Trip Start Sep 08, 2003
37Trip End Ongoing
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Where I stayed
The debate of 'shall we/shan't we' go to Nairobi was still raging through the group. Kirsty was adamant that she wasn't going, and the boys were adamant that we were. I was stuck in the middle. I could see both sides. Kirsty had been through enough trauma not to want to give herself any more - and the boys were arguing that the only reason we were going to Nairobi was for her passport. I left them to it and went off for some retail therapy, wondering through the stalls lining the streets of Mombassa. Eventually we saw a guy with a current newspaper and pounced on it for news of Nairobi. The safety alert had been dropped and the embassies had re-opened. All systems go. At the train station we booked a second class berth for the 4 of us, and then debated how to spend the rest of the day. We would be leaving that evening.
Fort Jesus stands on the edge of the town; it was built by the Portuguese in 1593, had changed hands at least 9 times since then, in numerous bloody sieges, before becoming a prison and finally the only tourist attraction in Mombassa. It was quite interesting wondering around, trying to work out what the different buildings were originally; it is now just an empty shell, with an impressive outside wall that looms against the skyline, with foundations of previous churches, prison cells and antechambers inside. A neat newly built building houses a museum. I enjoyed the view form the highest parapet, looking out to the beaches and the boats docked in the port. Glancing back down, the main wall of the fort was being used as the backdrop for a German indie band to film its music video. I laughed so much as all the tourists crowded round to watch, much to the annoyance of the director who shouted at them to keep their shadows out of shot. Then the lead singer pressed play on his ghetto blaster, and singing tunelessly along, was strutted around in front of the grey fort wall. Covered in sweat, with an Australian cork hat and cocky attitude, he loved the attention from the crowd. Kirsty and I waited for him to stop filming, then called out and he turned to smile smugly, until he realized that we actually wanted to get into the gift shop and he was blocking the entrance!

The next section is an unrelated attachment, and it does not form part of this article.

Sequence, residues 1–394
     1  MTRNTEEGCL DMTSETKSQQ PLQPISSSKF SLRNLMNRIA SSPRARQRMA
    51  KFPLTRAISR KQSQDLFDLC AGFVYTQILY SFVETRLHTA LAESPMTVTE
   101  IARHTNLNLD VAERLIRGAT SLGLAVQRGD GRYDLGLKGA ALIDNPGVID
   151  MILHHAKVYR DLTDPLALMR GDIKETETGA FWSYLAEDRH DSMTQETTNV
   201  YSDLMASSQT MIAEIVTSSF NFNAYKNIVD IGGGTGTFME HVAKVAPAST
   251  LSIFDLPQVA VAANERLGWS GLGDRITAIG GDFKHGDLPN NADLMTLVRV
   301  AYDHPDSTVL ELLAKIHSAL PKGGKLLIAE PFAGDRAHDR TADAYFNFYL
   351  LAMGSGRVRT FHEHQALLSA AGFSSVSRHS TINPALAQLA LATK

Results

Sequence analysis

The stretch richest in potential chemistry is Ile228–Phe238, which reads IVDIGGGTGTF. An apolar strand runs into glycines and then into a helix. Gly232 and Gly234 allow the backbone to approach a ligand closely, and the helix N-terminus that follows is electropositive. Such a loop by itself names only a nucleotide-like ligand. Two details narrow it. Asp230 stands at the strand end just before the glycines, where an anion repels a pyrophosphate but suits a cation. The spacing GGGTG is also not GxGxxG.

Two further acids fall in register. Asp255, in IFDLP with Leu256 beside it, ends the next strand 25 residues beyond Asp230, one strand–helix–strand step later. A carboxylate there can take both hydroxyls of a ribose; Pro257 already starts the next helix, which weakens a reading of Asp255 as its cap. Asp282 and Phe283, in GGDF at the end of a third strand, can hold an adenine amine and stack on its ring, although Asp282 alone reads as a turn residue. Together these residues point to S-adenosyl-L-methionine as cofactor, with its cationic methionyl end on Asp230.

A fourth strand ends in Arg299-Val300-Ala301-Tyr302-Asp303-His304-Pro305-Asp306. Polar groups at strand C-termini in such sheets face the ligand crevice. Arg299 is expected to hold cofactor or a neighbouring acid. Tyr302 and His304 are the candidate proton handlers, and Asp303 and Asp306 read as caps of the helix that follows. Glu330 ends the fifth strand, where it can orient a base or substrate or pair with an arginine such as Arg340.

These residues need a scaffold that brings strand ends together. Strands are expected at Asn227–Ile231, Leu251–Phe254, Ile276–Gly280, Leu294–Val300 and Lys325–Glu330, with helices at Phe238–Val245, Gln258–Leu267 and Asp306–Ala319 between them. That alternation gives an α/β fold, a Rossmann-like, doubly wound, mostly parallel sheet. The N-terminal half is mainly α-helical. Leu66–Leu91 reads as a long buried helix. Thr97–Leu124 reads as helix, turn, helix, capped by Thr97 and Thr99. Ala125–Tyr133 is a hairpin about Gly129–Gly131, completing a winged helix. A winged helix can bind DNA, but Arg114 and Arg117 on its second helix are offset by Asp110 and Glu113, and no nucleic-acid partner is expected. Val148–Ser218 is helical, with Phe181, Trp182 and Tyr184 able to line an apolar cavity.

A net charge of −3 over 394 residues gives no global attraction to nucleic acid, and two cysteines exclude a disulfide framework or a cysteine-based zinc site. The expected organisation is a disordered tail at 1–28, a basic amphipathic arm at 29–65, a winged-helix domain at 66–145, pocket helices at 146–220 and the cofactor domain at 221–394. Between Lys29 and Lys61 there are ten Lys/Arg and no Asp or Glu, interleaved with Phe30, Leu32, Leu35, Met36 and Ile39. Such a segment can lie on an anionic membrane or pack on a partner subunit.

Leaving the fort behind we wondered into the Old Town, where the Portuguese occupation become even more evident. It reminded me of a family holiday to Portugal years ago; ornate doorways and wrought iron balconies, but all lived in African style - the floors had been turned into mud, material was used as fly screens over the doorways, and women sat in the dark shadows of the corridors, while Hispanic children ran through the streets with hoops and balls.